Looking back over the last few years of this series, there are many albums that I would have considered for posting to it. Our esteemed writing colleagues seem to have quite an ear for what constitutes the classic album, some with a theme, a number of tribute/compilation albums, even some with a tenuous connection to americana, but I guess it covers whatever the writer wants the genre to cover – some might think my choice is a bit of a stretch. One or two artists appear more than once and this was perhaps inevitable, and right and proper. My goodness, there are some absolute corkers in the list
I was, however, a little surprised not to find an album by Gretchen Peters, without doubt one of the major songwriters (and recording artists) of the last twenty years and more. Sometimes a bit ‘poppy’, sometimes rather folksy, but overall given the consistently high standard of writing, recording and performing over this long period, she was a shoe-in for consideration. And so I submit the first album on which she did not write any of the songs, although her co-conspirator Tom Russell did – and what a beauty it is, more of which later. She recently released an album of the songs of Mickey Newbury.
Although a long-time songwriter (she wrote her first song aged 5!) she did not release her first album until she was nearly 40. Fourteen albums later she has won and been nominated for several awards and was inducted into the Nashville Songwriters Hall of Fame, where she is recognised in the company of some very distinguished writers (albeit nearly all men!!)
She wrote songs for other people like Etta James, Neil Diamond, George Strait and so on, and then people started recording her songs. Martina McBride had a big hit with ‘Independence Day’, Peters’ song about domestic abuse and strong women. One of her outstanding gems, ‘On a Bus to St Cloud’ was given a transcendent treatment by Jimmy Lafave. Despite the lightness of her voice and the instrumental arrangements, Peters’ songs are often dark, about murder, abuse, loneliness, domestic violence, revenge and human frailty.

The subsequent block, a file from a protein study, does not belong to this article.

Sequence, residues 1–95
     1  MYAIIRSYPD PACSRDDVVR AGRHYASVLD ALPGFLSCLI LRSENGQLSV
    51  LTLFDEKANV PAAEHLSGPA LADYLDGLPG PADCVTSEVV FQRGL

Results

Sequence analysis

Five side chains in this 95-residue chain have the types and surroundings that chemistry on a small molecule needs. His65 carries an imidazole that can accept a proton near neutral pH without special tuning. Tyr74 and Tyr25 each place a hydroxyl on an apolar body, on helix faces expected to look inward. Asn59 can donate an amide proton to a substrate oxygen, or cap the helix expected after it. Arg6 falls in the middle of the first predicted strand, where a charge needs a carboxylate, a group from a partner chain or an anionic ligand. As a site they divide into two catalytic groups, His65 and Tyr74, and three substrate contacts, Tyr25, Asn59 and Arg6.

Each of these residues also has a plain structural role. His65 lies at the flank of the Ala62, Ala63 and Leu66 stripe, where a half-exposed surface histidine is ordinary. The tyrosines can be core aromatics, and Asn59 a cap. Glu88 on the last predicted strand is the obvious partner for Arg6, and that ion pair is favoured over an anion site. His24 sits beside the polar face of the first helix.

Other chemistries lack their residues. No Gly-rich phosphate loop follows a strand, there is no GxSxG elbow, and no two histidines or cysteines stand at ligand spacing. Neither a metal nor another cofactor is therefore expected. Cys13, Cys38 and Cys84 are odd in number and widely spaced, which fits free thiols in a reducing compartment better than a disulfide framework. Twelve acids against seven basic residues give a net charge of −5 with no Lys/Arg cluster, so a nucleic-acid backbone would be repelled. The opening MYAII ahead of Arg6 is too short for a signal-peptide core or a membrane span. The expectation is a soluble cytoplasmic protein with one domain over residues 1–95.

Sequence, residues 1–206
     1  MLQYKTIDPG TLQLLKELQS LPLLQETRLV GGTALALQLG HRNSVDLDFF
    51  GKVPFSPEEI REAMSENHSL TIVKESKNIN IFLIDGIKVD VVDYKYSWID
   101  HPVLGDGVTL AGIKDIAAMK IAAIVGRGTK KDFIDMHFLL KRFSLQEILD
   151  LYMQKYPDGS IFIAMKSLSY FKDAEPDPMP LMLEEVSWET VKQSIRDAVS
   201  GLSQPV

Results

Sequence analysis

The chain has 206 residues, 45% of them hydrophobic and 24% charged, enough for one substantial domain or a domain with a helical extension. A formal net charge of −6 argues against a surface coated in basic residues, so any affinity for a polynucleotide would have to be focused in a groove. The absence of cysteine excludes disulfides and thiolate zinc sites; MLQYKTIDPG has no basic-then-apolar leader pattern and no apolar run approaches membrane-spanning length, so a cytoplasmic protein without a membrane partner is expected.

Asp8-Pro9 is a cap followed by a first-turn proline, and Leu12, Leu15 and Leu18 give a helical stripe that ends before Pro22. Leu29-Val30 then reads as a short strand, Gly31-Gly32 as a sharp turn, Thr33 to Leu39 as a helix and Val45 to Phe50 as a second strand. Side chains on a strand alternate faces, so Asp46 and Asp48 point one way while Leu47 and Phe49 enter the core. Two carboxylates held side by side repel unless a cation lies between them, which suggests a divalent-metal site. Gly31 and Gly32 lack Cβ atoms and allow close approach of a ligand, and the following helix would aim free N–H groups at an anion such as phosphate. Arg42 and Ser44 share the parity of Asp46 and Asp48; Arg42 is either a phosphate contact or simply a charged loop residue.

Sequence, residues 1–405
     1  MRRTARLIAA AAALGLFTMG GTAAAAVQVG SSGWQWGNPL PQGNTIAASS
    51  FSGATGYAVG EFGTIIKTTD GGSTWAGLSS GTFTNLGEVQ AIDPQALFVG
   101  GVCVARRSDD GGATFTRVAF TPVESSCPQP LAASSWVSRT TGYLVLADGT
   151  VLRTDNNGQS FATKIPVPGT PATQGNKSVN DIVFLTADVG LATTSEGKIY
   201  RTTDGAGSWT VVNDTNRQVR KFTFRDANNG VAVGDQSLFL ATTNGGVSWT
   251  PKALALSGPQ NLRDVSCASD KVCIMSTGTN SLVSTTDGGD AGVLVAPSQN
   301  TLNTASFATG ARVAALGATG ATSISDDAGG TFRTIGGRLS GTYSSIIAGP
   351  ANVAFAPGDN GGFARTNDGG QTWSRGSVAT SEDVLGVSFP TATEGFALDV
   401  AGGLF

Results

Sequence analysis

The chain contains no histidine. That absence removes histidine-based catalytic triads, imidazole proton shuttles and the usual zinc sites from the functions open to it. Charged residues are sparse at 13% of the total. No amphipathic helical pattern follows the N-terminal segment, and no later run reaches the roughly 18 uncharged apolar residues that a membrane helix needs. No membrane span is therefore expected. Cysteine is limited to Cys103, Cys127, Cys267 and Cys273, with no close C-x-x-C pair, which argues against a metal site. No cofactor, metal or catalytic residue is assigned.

Almost exactly half way through her recording career came this gem of an album ‘One to the Heart, One to the Head’, which characterizes and conjures up vivid images of the American South-West, both past and present. Although mostly slow (or, in the case of some songs, slowed down from the original), this beautifully produced album presents definitive versions of songs reflecting the vastness and the beauty of the region, songs about snow on the Rockies, drought on the prairies, ponies running free, driving along western highways, cowboys and murderous intentions, and religious miracles through prayer. Many of the songs touch on the subjects that she herself writes about.
Take Stephanie Davis’ ‘Wolves’, a classic song (about wolves real and metaphorical and the damage they do) successfully recorded by Garth Brooks, or Nan O’Byrne’s ‘Sweet and Shiny Eyes’ (about hanging on to long gone memories), brilliantly covered by Bonnie Raitt, or Diana Jones’ ‘If I had a Gun’ (a would-be revenge song which includes the album title in its verse), which eclipses the original, even though that appeared on Jones’ consummate album ‘Better Times Will Come’. Even Townes Van Zandt’s poetic ‘Snowin’ on Raton’ is bettered. Nearly every song name-checks an iconic place in this Western landscape, even Dylan’s lesser-known ‘Billy 4’ (from the ‘Pat Garrett and Billy the Kid’ soundtrack), which is a perfect choice for this project. And then there is Rosalie Sorrels’ exquisite swan song ‘My Last Go Round’.
Russell does not appear on every track, so the album largely belongs to Peters and that wonderful voice, both powerful and whisper-sweet. And yet the highlight is Tom Russell’s most beautiful song. ‘Guadelupe’ tells the story of Our Lady of Guadelupe, a Virgin Mary, who appears to a lowly pilgrim and answers his prayers with the wherewithal to convince the local bishop to build a church for the poor and oppressed. The tune is beautiful, the words are sublime “But who am I to doubt these mysteries Cured in centuries of blood and candle smoke I am the least of all your pilgrims here But I am most in need of hope” This track and several others benefit from the lovely accordion of Joel Guzman, the piano and keyboards of Barry Walsh (Peters’ husband), Peters’ acoustic guitar, Mark Hallman’s guitars and the sweet harmonies of Nadine Russell. Walsh also contributes an atmospheric instrumental ‘North Platte’, which starts the album, evoking the wide open spaces, which theme continues throughout, and reprises towards the end.
Although it is largely a Gretchen Peters album, Russell’s involvement is essential to its success – the song selection, the co-production credit and his raspy voice which is perfect as a counterpoint to her sweet one. And there is that one new song of his. Some may find the album a little slow, but this is deliberate and the songs, the singing, the playing and the production are of such high quality that it qualifies for high ranking in the americana canon.